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Howard Dean Critiques the Health Care Debate

July 29, 2009

Howard Dean Critiques the Health Care Debate

Dr. Dean (yes, he's an MD) did a session at Fortune Magazine's Brainstormtech last week in Pasadena, and one complaint he has about the current state of political discourse on the health care debate is that the Republicans just aren't being serious (in his opinion). Therefore, he says, the so-called Blue Dog Democrats, more moderate than their Pelosi-led House brethren, are at least keeping Congress honest. Dean says he's happy at least someone is raising the right issues, and of course one of the issues that greatly impacts the constituencies of many Blue Dogs is the Pelosi bill's initiative to "soak the rich" to pay for the increased costs of health care. According to Dr. Dean, this is an initiative that would send our own marginal income tax rates on the top brackets into the stratosphere, where we would be surpassed only by countries like Sweden and Denmark. (The top marginal rates proposed by Pelosi are greater than 50%! What are they thinking?)

Dean thinks information technology will actually bring costs down in health care, over the long run, but in the short run any adjustment to a new system or payment technology is likely to be very costly and painful. He had a very interesting formulation for IT installations, which I will repeat here:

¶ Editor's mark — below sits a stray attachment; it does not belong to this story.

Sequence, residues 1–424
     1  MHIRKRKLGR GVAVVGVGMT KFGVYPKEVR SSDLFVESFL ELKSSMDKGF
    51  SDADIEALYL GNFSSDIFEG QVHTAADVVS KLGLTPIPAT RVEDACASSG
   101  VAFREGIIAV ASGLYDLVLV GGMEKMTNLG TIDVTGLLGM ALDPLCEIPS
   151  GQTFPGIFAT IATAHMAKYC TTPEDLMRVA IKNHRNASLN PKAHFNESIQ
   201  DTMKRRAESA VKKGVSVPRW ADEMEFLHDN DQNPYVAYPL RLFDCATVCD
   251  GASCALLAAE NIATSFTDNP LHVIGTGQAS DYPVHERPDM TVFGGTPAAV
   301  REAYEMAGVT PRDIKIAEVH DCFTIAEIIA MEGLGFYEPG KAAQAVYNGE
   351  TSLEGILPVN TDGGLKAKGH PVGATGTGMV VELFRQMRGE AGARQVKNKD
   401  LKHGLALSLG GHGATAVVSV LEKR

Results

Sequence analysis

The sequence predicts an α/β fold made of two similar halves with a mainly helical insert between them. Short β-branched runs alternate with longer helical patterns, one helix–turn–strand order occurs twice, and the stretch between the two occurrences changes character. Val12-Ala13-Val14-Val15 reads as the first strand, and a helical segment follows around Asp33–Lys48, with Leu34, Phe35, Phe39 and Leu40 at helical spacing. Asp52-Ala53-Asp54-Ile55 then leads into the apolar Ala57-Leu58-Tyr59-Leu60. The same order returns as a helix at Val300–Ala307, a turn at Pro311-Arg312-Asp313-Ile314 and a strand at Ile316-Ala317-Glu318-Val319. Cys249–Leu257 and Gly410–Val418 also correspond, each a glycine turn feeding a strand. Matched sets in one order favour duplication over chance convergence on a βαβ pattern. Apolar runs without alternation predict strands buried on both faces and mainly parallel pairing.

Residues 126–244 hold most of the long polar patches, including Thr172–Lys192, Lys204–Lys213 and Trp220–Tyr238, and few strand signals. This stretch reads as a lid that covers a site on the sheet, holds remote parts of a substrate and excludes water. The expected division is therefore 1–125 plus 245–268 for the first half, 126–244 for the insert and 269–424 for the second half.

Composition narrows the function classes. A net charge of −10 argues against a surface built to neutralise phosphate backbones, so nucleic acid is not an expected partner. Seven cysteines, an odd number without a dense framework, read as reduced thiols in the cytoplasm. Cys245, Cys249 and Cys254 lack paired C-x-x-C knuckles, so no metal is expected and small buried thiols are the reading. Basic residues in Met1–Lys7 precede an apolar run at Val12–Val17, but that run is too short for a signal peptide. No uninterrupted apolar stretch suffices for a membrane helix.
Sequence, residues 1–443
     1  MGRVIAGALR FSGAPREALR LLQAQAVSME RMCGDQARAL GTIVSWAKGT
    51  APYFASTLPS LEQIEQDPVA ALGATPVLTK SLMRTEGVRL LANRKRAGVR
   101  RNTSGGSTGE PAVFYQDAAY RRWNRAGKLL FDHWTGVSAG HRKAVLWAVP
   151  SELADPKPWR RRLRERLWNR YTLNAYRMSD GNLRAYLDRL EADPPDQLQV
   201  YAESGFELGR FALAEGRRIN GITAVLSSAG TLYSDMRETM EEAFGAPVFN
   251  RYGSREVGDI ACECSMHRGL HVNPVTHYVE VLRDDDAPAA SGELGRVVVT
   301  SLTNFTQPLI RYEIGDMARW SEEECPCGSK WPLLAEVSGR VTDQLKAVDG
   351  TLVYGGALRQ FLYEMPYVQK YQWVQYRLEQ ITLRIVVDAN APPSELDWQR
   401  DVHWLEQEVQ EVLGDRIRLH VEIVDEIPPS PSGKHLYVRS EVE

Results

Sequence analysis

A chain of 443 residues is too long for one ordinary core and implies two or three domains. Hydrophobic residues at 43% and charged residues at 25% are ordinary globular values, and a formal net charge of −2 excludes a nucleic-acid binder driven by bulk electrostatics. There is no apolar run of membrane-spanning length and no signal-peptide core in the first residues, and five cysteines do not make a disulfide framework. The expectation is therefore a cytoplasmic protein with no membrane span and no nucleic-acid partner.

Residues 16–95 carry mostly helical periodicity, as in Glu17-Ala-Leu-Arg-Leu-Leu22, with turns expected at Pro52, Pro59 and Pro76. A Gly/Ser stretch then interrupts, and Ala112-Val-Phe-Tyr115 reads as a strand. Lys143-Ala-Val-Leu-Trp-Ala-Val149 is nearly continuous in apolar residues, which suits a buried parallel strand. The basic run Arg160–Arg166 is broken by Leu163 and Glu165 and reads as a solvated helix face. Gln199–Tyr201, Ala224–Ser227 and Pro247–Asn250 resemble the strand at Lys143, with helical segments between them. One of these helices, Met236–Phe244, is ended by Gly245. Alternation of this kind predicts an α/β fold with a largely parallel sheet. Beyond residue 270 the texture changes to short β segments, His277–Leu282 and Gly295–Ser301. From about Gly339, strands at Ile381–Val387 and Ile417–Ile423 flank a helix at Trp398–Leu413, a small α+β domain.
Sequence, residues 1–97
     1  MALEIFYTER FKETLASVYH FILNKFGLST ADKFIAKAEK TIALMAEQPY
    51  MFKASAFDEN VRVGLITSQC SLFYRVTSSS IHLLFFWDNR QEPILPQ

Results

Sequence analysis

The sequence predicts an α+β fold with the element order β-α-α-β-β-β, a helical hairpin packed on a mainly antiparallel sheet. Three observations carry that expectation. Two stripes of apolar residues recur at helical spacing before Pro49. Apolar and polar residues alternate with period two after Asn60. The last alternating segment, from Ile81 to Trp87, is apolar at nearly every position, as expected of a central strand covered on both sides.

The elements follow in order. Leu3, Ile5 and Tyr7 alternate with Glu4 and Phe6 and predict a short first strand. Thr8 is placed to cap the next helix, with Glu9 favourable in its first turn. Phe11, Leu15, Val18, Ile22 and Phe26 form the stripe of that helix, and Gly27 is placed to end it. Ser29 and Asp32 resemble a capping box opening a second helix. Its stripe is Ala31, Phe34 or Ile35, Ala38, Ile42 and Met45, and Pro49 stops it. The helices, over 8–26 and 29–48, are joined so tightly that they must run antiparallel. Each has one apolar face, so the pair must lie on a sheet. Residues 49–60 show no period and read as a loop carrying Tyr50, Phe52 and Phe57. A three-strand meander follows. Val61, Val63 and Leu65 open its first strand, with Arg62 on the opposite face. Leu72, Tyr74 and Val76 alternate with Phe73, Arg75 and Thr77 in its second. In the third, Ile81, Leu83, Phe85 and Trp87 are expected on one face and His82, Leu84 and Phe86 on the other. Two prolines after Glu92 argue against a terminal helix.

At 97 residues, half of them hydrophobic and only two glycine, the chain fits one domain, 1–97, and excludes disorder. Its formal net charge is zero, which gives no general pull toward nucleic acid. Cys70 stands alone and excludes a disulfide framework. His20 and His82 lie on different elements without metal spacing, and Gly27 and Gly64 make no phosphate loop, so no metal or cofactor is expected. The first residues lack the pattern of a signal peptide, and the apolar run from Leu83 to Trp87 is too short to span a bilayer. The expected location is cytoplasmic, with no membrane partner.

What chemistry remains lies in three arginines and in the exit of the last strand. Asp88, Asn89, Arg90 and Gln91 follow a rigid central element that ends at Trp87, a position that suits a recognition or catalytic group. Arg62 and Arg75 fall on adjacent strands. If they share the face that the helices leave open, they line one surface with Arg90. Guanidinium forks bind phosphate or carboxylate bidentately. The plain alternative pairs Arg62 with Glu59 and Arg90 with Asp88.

Howard Dean's Law of IT Installations: Whatever is promised, it will take twice as long, cost twice as much, and you'll have to do it twice.

One of Dean's key points was that we need to end the "fee for service" model of health care. Paying doctors only for the particular services rendered encourages them to perform services that aren't really necessary. (DP aside: Of course, that is the very definition of the word "professional." Doctors make more the longer you remain ill, just like lawyers make more the longer you remain in court. We call them "professionals" because despite this conflict of interest they are honor-bound to act in their clients' own best interests. But I digress...)

Dean said British doctors, who are salaried in that country by the National Health Service, actually earn more than American doctors today, and I found this fact quite surprising. I never would have suspected it. However, having lived in the UK for a number of years myself, I can state confidently that the NHS is still plagued with its own rampant problems of bureaucratic silliness and delay. Luckily, as an American expatriate, we never had to resort to the NHS for our care.

Despite this drawback (and it's a big drawback!), you still have to admit that if doctors in this country weren't paid for services rendered, but were paid some kind of salary instead, and charged simply with keeping their patients healthy, then we wouldn't have a doctor colluding with a perfectly healthy patient in order to schedule him for very expensive, Medicare-paid MRIs every few weeks, even when they weren't really necessary (see my separate post on the health care breakfast seminar at Brainstormtech that I attended on Friday).

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